[Prevalence and importance of endoparasites in calves raised in Swiss cow-calf farms].

Lentze, T; Hofer, D; Gottstein, Bruno; Gaillard, C; Busato, A (1999). [Prevalence and importance of endoparasites in calves raised in Swiss cow-calf farms]. DTW. Deutsche tierärztliche Wochenschrift, 106(7), pp. 275-281. Verlag M. & H. Schaper

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A longitudinal study was performed to establish estimates of prevalence of selected endoparasites in Swiss cow-calf operations and to investigate the importance of an infection with endoparasites on diarrhea and weight gain until weaning. Three hundred and eighty-six calves raised in 67 larger cow-calf herds were included in the study. Faecal samples were collected during the first three months of life and at weaning. Parasitological analyses were performed according to standard procedures including specifically the detection of Eimeria spp., Cryptosporidium parvum, Strongyloides papillosus and Trichostrongylida. The effects of an infection with endoparasites on weight gain were analyzed with a linear model accounting for effects of farm, breed, sex, calving month and weight at birth. The average prevalences of endoparasites within the first three months of life were: E. bovis 36%, E. zuernii, 19%, C. parvum 16.8%, S. papillosus 22.3% and Trichostrogylida 1.5%. The prevalence of diarrhea within the same time period was 13%. Prevalences at weaning (at the end of the grazing period) were: E. bovis 56.5%, E. zuernii 4.6%, C. parvum 3.7%, S. papillosus 14.4% and Trichostrogylida 84.5%. With the exception of E. zuernii, endoparasites were more frequently observed in healthy calves than in diarrheic calves. Weaning weights were available from 190 calves (33 herds). Statistical analyses of weaning weights revealed no evidence that an infection with helminths and/or protozoa within the first three months of life or at weaning had a negative influence on individual weight gain.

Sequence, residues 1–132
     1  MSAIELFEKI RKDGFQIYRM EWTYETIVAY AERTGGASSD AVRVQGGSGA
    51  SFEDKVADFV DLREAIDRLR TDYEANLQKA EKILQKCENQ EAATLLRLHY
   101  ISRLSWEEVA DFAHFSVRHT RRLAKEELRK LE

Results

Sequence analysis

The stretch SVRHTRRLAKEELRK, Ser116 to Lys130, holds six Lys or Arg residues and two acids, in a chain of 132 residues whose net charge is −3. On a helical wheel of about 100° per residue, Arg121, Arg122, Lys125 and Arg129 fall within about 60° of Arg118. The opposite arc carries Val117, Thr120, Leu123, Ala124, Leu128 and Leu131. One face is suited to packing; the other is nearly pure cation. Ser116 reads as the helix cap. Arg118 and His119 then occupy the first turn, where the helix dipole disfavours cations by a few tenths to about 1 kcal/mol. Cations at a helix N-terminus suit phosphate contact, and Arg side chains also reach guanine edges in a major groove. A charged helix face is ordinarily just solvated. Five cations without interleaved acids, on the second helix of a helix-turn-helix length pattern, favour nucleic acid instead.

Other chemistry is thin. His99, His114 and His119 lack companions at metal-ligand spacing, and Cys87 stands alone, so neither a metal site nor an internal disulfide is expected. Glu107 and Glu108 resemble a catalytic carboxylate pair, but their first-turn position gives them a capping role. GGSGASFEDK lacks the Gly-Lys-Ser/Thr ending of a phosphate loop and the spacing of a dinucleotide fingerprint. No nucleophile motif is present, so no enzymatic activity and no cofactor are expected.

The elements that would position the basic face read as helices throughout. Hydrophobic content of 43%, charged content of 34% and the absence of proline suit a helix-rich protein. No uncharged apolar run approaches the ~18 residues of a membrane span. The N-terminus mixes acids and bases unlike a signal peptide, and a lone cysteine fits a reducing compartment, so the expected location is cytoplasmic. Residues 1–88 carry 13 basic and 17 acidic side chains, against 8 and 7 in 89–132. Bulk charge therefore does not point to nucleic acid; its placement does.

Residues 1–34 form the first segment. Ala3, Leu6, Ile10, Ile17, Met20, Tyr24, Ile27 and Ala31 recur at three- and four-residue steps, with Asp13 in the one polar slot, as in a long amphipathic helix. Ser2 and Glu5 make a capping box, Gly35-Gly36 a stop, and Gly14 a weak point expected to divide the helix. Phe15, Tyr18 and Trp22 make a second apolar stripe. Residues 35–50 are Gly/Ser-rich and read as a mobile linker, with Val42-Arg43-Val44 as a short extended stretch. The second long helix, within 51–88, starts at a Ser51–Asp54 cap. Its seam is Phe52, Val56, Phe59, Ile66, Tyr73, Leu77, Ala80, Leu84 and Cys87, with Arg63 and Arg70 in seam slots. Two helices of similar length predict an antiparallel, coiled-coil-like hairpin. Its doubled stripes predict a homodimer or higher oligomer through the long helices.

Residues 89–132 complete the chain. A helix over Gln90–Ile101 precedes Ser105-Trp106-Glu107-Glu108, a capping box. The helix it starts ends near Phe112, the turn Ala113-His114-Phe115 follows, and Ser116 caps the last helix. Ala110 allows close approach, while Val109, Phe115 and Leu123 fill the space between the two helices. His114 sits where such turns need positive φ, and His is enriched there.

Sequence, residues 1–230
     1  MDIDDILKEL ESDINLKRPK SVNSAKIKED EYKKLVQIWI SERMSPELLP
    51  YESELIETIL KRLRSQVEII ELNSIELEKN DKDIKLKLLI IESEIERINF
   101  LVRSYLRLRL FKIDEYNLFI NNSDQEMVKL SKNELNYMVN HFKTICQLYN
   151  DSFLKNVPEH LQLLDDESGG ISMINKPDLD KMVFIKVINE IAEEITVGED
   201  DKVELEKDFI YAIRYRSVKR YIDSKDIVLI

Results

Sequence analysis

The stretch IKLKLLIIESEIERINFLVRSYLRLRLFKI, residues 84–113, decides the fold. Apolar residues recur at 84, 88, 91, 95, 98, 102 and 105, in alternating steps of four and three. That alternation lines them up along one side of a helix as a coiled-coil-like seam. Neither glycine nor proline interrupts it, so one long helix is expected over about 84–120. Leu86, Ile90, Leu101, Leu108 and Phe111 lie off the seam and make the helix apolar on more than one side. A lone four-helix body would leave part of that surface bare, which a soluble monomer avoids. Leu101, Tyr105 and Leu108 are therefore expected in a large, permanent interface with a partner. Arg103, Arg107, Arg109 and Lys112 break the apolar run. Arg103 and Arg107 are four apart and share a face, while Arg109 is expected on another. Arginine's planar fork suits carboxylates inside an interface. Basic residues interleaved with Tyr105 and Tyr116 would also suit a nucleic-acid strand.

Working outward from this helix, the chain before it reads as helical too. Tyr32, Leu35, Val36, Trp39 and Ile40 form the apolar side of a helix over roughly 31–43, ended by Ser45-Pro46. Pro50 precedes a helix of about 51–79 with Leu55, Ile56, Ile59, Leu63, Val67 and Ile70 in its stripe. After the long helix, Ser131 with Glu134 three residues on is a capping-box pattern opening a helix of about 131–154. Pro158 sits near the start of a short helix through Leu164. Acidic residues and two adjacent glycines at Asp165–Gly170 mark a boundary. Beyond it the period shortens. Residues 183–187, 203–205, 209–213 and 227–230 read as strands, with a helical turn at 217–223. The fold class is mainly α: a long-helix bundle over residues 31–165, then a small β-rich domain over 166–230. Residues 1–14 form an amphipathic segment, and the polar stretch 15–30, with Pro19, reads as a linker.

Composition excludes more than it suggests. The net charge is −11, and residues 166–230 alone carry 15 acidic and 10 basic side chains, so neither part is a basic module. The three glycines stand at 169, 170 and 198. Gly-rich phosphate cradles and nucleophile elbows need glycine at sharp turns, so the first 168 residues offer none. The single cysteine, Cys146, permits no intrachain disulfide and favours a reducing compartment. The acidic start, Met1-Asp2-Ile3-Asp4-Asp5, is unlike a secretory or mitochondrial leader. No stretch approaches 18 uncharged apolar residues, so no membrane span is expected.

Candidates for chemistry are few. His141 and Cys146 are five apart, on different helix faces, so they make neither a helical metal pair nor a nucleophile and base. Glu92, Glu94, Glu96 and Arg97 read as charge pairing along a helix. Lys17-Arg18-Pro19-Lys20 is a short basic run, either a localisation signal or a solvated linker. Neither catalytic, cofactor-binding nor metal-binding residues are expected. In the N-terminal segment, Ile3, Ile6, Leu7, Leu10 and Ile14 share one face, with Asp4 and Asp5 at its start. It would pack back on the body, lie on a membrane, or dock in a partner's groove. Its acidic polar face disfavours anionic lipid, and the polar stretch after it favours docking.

Item Type:

Journal Article (Further Contribution)

Division/Institute:

05 Veterinary Medicine > Department of Infectious Diseases and Pathobiology (DIP) > Institute of Parasitology

UniBE Contributor:

Gottstein, Bruno

Subjects:

600 Technology > 610 Medicine & health
600 Technology > 630 Agriculture

ISSN:

0341-6593

Publisher:

Verlag M. & H. Schaper

Language:

German

Submitter:

Bruno Gottstein

Date Deposited:

23 Jul 2018 08:44

Last Modified:

23 Jul 2018 08:44

PubMed ID:

10481370

URI:

https://boris.unibe.ch/id/eprint/118777

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